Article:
Torche frontman and guitarist Steve Brooks uses Electrical Guitar Company aluminum guitars for his special tones.
(Just don’t ask him about his tunings.)

Having risen from the ashes of the (formerly) defunct sludge-metal legends Floor, Miami’s Torche has been defining its own genre for more than a decade. Unlike the many other bands aping post-Melvins metal since the late ’90s, Torche creates their infectious onslaught by combining slack-tuned noise with catchy, high-octane rock ’n’ roll. The band returns this year with a triumphantly crushing fourth full-length release, Restarter.

Rife with the churning bombast and saccharine melodies some have labeled “doom-pop,” Restarter marks a distinct return to the merciless sonic bludgeoning that characterized the band’s early output. While Restarter’s heavies weigh more than anything the band has put out in recent memory, the album also displays frontman Steve Brooks’ desire to introduce unexpected melody at every opportunity. The album is a testament to Torche’s unique and evolving aural personality.

We spoke with frontman/guitarist Brooks and bassist Jonathan Nuñez—who also produced and engineered Restarter out of his Miami studio—about the group’s sonic footprint, and what it’s like to make a record with band members strewn about the country.

“The simplicity of Moog synth riffs really inspired some of the stuff. It’s just straight-up power.” —Steve Brooks

Jonathan, Restarter is the highest profile album to come out of your studio, Pinecrust. You recently closed it down and relocated from Miami to Gainesville. Do you think Restarter is an appropriate swan song for Pinecrust and what you set out to accomplish as a producer and engineer?
Jonathan Nuñez:
I think as time goes on you develop your own sound as an engineer, but we also have as a band. I developed my sonic identity here, and the band has expanded and progressed over the years and just about all of that has been done here. Other local bands did some great albums at Pinecrust and it was a wonderful experience, but I’m not necessarily sulking over leaving because I think Gainesville is going to be a great move. It’s closer to the other states, and the new room sounds great. I’m teaming up with a dude who also has great equipment and is really kind and courteous. I wouldn’t be surprised if we start cranking some new Torche stuff out of here relatively soon.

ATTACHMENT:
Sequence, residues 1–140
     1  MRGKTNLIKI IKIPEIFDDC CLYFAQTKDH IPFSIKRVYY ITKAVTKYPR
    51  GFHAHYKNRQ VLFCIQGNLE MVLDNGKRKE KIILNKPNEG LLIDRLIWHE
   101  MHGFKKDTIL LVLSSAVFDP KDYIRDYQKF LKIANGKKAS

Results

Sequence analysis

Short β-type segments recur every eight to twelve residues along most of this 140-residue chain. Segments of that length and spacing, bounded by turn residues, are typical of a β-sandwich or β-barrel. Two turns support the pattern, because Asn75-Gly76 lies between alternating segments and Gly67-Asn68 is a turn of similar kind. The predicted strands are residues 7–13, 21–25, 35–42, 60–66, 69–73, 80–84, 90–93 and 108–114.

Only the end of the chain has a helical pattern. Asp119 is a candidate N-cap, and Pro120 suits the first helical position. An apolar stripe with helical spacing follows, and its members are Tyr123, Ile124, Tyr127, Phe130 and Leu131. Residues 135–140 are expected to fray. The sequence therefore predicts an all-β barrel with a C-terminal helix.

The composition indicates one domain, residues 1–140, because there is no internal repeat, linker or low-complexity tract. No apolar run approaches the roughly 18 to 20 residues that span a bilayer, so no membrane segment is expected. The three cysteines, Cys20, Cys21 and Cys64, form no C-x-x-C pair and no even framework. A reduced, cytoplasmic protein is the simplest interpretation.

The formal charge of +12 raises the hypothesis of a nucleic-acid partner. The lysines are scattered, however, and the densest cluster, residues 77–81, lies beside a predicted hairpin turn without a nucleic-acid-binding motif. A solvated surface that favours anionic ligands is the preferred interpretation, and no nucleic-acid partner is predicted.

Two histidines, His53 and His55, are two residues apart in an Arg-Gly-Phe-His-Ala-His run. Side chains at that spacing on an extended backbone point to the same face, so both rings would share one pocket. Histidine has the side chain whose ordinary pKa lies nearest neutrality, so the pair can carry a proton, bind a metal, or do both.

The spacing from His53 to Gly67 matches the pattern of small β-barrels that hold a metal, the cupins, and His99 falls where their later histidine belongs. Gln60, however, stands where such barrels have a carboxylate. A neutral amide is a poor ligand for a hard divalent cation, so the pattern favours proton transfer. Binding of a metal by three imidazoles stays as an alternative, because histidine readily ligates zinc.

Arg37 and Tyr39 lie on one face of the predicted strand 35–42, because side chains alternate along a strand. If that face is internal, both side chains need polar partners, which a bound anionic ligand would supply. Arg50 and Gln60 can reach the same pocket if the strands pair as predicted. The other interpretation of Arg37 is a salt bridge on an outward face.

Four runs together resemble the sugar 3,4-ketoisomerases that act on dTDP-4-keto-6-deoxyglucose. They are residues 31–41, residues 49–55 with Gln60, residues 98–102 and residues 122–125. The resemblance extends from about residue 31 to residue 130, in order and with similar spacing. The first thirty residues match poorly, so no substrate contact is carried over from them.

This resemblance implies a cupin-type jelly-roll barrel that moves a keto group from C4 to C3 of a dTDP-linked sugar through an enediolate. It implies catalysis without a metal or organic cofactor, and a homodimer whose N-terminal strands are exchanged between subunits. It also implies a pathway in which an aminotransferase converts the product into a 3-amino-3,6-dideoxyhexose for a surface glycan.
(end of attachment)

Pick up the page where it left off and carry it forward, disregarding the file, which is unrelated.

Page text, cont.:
How does the band stay so active with its members so far flung?
Nuñez: Well, Restarter is actually a year old for us. It was written in two-and-a-half weeks last year. We had a couple of delays with the mix, mastering, and art, so we held off because we felt we’d have a stronger release in the beginning of this year, as opposed to the end of last year. Plus, Steve was busy with Floor.


Torche bassist Jonathan Nuñez produced and engineered his band’s fourth album, Restarter. The gearhead spent months researching equipment before going into the studio. Photo by Tim Bugbee.

Whenever we get together, we know there’s absolutely no time to waste. We’re paying for the flights that take Steve from the West Coast out to Miami, and [guitarist] Andrew Elstner either flies or drives down from Atlanta, so we know we have a limited window to work in. We usually have tours booked around that time, so it’s a practice/writing, grind-it-out type of scenario when we get together. It makes for a long, relentless day. We stop to eat and take small breaks, but other than that, it’s pretty intense. For Andrew in particular, it’s a lot. He walked into it at the eight-year mark, so he’s had a lot of catching up to do.

Steve Brooks: I don’t want to spend too much time away from home [laughs]. So, when we get together for a couple of weeks, it’s an intense couple of weeks. Like, 12-hour days or more sometimes.

Does the time pressure work to the band’s benefit?
Brooks:
Yeah! We’ve been doing it for a long time, so, it’s worked for us thus far. I would eventually like to spend more time with everybody together, but we all live in different places now and we all have our lives to live. When we do get together, we make it happen.

The band had intentions to continue as a trio briefly following Juan Montoya’s departure. Has Andrew Elstner’s role been fully realized at this point and did he contribute any writing on this album?
Nuñez:
He definitely has his own sound and playing style, which cuts well within our sound. Andrew wrote the sci-fi sounding track “Restarter,” but this record was mostly Steve and myself, and we put a lot of it together on the spot.

We tend to work really well while on the spot. The vocals were put off a little too long in my opinion, but Steve does pretty well under pressure and he definitely delivered. Everybody certainly brings something to the table, however. We all always have input in what’s going on and Andrew wrote some of the songs on Harmonicraft [2012], too. The way we work, most of the time if it’s not an entire song written by someone, it’s a part or two brought in and we run with it as a group. “Hey look, this riff is cool,” and we try to sort something out with it.